Cosmos: A Spacetime Odyssey

Cosmos: A Spacetime Odyssey

Science needs the light of free expression to flourish, says host astrophysicist Neil deGrasse Tyson of Fox’s new series “Cosmos: A Spacetime Odyssey.” The show premiered on Sunday, March 9. Producer Seth MacFarlane, best known for his “Family Guy” series, assisted in the reboot of the original epic “Cosmos: A Personal Voyage,” hosted by the late Dr. Carl Sagan.

The first episode, “Standing up in the Milky Way,” pays homage to the original series by opening with an introduction from Sagan.

The original 13-hour series was a guided trip through history and the galaxies led by Sagan. IMDB.com reports this took place on an ‘imagination ship,’ with help from the first generation of graphic designers and their efforts to reveal the special effects of the 80’s. The original series was groundbreaking for that time period.

Since the success of Sagan’s A Personal Voyage Cosmos, there has not been another show of its kind until now. MacFarlane and Ann Druyan, Sagan’s widow, came together to reconstruct the next generation’s experience with space.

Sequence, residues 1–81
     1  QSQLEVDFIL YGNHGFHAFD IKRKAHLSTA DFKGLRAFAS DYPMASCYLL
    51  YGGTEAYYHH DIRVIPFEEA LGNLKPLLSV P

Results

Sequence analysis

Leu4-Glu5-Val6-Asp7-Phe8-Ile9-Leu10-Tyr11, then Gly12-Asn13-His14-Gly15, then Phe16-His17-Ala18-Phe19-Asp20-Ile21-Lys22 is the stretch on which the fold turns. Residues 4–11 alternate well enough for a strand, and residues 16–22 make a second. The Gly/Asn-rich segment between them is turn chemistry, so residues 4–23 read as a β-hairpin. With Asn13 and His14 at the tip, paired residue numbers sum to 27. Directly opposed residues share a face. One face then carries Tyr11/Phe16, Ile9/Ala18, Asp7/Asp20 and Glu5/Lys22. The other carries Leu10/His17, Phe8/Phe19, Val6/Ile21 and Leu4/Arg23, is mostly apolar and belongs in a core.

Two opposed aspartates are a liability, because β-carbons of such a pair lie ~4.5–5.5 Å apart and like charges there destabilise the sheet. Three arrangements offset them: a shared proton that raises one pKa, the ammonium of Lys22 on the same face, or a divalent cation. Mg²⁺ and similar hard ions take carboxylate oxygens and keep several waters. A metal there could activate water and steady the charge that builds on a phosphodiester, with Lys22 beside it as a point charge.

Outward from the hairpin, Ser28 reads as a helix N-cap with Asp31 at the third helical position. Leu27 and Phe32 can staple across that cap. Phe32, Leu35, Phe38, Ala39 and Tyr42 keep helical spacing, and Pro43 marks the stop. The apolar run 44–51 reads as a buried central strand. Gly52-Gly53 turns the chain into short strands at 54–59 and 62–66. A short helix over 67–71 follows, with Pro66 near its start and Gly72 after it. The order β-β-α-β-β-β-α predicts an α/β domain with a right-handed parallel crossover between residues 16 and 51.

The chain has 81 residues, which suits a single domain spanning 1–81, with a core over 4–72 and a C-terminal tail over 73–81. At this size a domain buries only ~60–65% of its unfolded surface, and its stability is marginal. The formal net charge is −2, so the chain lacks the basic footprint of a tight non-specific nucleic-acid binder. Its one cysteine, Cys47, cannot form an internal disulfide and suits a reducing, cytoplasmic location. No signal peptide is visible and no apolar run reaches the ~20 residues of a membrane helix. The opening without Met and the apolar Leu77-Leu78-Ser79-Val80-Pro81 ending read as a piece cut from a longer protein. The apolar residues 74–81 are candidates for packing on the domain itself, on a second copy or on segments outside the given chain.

In the most recent episode, “Hiding in the Light,” Tyson takes the audience on a historical digital tour of various philosophers, also known as “masters of light,” stemming from ancient China to Issaac Newton’s rainbow ‘spectrum’ discovery. Even if you’re not a science buff, you’ll enjoy the host’s humorous interjections and the phenomenal graphics.

The new Cosmos series may not have been as well-received by viewers as hoped, only 5.8 million tuned in for the premiere. However, the innovations are as mind blowing as the original and credit must be given where credit is due. The episodes give more than a glimpse into the science that makes miracles everyday, which are taken for granted by current generations who are blessed with technological literacy.

DeGrasse Tyson’s passion can be detected within the first 30 seconds of the show and continues to keep the viewer engaged and eager to learn more. His guidance is incomparable to any high school or college lecture.

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